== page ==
This blog is still alive, just in semi-hibernation.
When I want to write something longer than a tweet about something other than math or sci-fi, here is where I'll write it.

Saturday, September 18, 2010

A trip to hell with friends and colleagues.


Tracy Camp teaches math at Laney College. Her mom Ernestine also taught here back in the day as well. She's also a mom. You'd think that would be enough to keep anyone occupied, but you would be wrong.

A few years ago, Tracy caught the acting bug and she has been in many roles in local theater productions, mostly musicals.

Earlier this year, she told me she was in rehearsals for Jerry Springer: The Opera which would be performed at the Victoria Theater down in the Mission District. It's a very ambitious modern piece that was originally produced in London several years back, and it does count as an opera. The only role that isn't sung is Jerry Springer himself, who is relegated to the side of the story in Act One but becomes the clear protagonist in Acts Two and Three, which take place in Purgatory and Hell.






(Photo by Kat Wade, S.F. Chronicle)

When I heard about this, I immediately thought of my blog buddy Mike Strickland, who loves opera from the ancient to the avant garde. This publicity still features Jordan Best as a crack whore, Keith Haddock as Steve the head of security (a very meaty role for operatic spear carrier), and Tracy as Peaches, the long time girlfriend of the fat, bald guy in the background, who in the best tradition of Jerry Springer's guests is constitutionally incapable of keeping it in his pants.

(photo by Mike Strickland)

Steve Hess plays the unfaithful Dwight in Act One and God in Act Three, and Timotio Artusio plays a pre-operative transsexual who is another of Dwight's close personal friends. My friend Mike works as a supernumerary at the San Francisco Opera and has been in several productions with Timotio, who did a wonderful star turn in the upbeat Talk To The Hand in Act One.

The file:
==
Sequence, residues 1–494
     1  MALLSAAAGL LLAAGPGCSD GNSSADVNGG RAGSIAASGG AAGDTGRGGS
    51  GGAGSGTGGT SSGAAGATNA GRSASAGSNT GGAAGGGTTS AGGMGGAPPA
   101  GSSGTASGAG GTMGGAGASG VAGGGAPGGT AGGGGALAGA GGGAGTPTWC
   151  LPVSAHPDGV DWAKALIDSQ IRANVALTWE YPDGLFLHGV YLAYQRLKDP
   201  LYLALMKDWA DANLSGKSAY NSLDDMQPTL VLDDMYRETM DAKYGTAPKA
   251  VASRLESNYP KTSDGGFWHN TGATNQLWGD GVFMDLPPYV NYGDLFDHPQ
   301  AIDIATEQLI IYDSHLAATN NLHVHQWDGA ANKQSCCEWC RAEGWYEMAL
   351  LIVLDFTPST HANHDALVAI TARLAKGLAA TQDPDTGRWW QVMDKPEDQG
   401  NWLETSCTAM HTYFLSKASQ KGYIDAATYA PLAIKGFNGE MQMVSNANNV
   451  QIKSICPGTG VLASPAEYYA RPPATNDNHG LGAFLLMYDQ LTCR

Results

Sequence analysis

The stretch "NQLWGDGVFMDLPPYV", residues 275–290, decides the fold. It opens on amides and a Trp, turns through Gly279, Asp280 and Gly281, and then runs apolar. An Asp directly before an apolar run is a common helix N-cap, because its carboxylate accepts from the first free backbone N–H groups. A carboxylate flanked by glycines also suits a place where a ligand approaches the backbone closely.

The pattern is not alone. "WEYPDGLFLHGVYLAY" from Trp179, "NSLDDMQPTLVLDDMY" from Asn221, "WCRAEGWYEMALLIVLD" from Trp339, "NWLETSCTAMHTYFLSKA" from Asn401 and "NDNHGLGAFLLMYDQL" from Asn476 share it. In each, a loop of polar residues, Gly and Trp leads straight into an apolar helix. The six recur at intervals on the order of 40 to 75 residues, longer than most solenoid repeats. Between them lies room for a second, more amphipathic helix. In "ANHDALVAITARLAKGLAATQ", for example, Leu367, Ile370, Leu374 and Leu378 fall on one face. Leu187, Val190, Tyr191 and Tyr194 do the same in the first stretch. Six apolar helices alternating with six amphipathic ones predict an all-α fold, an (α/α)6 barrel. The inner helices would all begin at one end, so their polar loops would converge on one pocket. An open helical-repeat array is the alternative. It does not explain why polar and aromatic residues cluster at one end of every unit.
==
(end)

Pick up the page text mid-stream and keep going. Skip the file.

As you might expect, your choir group is not the target audience of Jerry Springer The Opera. When I told Tracy I'd be coming to see it, she apologized in advance for all the profanity I'd be hearing.

It was a remarkable evening at theater. You can read Mike's review at Civic Center, where he lavishes praise on the band that played the very challenging music and Jonathan Reisfeld, who played Jerry Springer's warm up man in Act One and Satan is Acts Two and Three. I'd like to also give a shout out to Chris Yorro, who played Montel, the guy who likes to wear diapers in Act One and Jesus in Act Three.

(Photo taken from the Ray of Light Productions cast list)

After the show, Mike remarked that this British opera continues in the tradition of oratorio that has been a hallmark in England since Handel moved from Germany to London. In oratorio, the chorus gets a major role and the cast list shows that many of the chorus members have had much larger roles in their careers. As often happens, there is someone in the chorus I found myself watching more than anyone else, and in this show it was Gregory Marks. Among his other credits, he played The Mysterious Man in Into The Woods and Nicely-Nicely in Guys and Dolls, so this is not his first time stealing scenes.

If you'd like an interesting evening at the theater in San Francisco, it's hard to beat Jerry Springer The Opera. It's long, it's loud, there are times you want to look away but you just can't. Don't be surprised if you find yourself singing "This is your Jerry Springer moment!" for a few days after seeing the show. The cast is filled with strong voices and good acting in an over the top sort of way. But hey, it's the Springer show! What, you were expecting Strindberg?

More than that, the guys from Security walk around the crowd beforehand making sure there aren't any troublemakers. I had a new found level of respect for their work when the show was through.

1 comment:

Anne said...

There was a production here on television in the UK, and it was fabulous. I urge anyone still dithering to go and see it.

The fundies made their usual kerfuffle, which ensured that it got even wider publicity.